YHWH’s subduing of the Sea means that He has control over the waters that surround the earth, including all the waters present on/in the earth—the rain from above, the floods/springs below, and all the seas, etc, on the surface. As expressed here in verse 10, He rules (vb lv^m*) over them; and, since the waters continue to possess something of their primeval chaotic unruliness, YHWH frequently has need or occasion to tame them when they get out of line. The lifting and swelling of the sea’s great waves, so powerful and awesome to behold, are governed by God’s authority, and are “stilled” (vb jb^v*) when necessary.

There is some alliterative assonance here in v. 10, which cannot be captured in translation but can be demonstrated in transliteration:

°¹ttâ môš¢l b®g¢°û¾ hayy¹m
b®´ô° gall¹yw °attâ ¾®šabµ¢m

Verse 11 [10]

“You crushed Rahab like (one who is) slain;
with (the) arm of your strength you scattered your foes!”

YHWH’s control over the waters (v. 10) is due to his ‘defeat’ of the primeval Sea, drawing upon ancient cosmological myth (as noted above). “Rahab” (bh^r*) is one of the names in the tradition for the great Sea-monster of myth, also occurring in Job 9:13; 26:12; Isa 51:9. The same line of mythic tradition probably underlies its application to Egypt (Ps 87:4; Isa 30:7), blending with the naturalistic image of the mighty creatures (i.e., crocodile, hippopotamus) of the Nile to symbolize Egypt’s ancient power and prestige.

Indeed the ‘subduing of the Sea’ motif can be applied to the defeat of human enemies (i.e., enemies of Israel) by YHWH. The event at the Reed Sea (Exod 14-15) is a good example of this, where God uses his power over the waters to defeat the Egyptians (cf. especially the poetic account in the Song of chap. 15). The primeval Sea (and its monstrous allies) had to be “scattered” in order to create the cosmos, and also to provide the individual bodies of water on earth (and also the rain from above, etc); similarly, human enemies are scattered (vb rz~P*) when they are defeated by God.

The suffixed plural participle ;yb#y+oa means “your hostile (one)s” or “(those) hostile to you”; here, for poetic concision, it has been translated “your foes”.

Verse 12 [11]

“To you (belongs the) heavens, (and) also to you (the) earth;
(the) thriving (world) and its fullness, you have founded them.”

The first line of this next couplet states concisely what has been established in vv. 6-9 and 10-11—namely, that YHWH is Creator and Sovereign over both the heavens and the earth. The conjunctive particle [a^ (“also, indeed”) emphasizes that the earth (and its inhabitants) belong to YHWH, and is under His authority, just as much as the heavens are.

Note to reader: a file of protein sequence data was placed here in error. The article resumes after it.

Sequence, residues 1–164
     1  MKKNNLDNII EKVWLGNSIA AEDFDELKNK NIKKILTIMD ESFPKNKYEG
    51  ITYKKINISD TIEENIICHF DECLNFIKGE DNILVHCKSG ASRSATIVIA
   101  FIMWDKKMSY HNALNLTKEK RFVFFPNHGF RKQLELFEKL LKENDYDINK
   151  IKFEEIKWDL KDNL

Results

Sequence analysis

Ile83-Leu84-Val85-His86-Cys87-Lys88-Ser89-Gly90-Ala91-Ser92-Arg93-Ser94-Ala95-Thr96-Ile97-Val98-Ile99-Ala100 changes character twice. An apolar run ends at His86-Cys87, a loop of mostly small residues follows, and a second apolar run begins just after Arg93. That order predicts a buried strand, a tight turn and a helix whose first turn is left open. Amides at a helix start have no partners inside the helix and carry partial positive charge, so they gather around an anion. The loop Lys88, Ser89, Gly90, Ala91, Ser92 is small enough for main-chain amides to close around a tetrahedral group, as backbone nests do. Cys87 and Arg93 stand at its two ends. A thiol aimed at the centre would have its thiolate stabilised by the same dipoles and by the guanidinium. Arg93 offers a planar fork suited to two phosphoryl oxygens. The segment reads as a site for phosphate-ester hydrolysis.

The universe as a whole (as understood within the ancient Near Eastern cosmology) is defined by the pairing “the heavens [upper half] and the earth [lower half]”; however, the inhabitable world, supportive of life, is signified here by the term lb@T@. This noun is extremely difficult to translate, as there is really no English word (or phrase) that corresponds to it. The noun lb@T@, in context, refers to the living and productive aspect of the world—the movement of things (and creatures) from one place to another, entailing growth and activity of all sorts. I have rendered this above as “thriving (world)”. YHWH’s founding (vb ds^y`) of this world, and all that is in it (“its fullness”), refers to His work as Creator (Gen 1:6-31).

Verse 13 [12]

‚a¸ôn and Yamîn, you have created them;
Tabôr and „ermôn, at your name they ring out!”

The final couplet of this strophe, emphasizing YHWH’s sovereignty over all the universe, seems to be utilizing some wordplay that cannot be captured in translation. The terms /opx* and /ymy` in line 1, in particular, likely carry a double-meaning. The noun /opx* denotes something “hidden”, but came to be used specifically, in a directional or geographic sense, for the north. In this, Hebrew tradition (and its poetry) is drawing upon Canaanite religious myth, which located the dwelling of the gods in the north, on the ‘hidden’ peak of a cosmic mountain, which had a local/symbolic manifestation in the mountain called by the name ƒpn or ƒpwn (= Heb ƒ¹¸ôn), modern Jebel el-Aqra. Thus /opx* can refer either to the north, or to a great mountain in the north.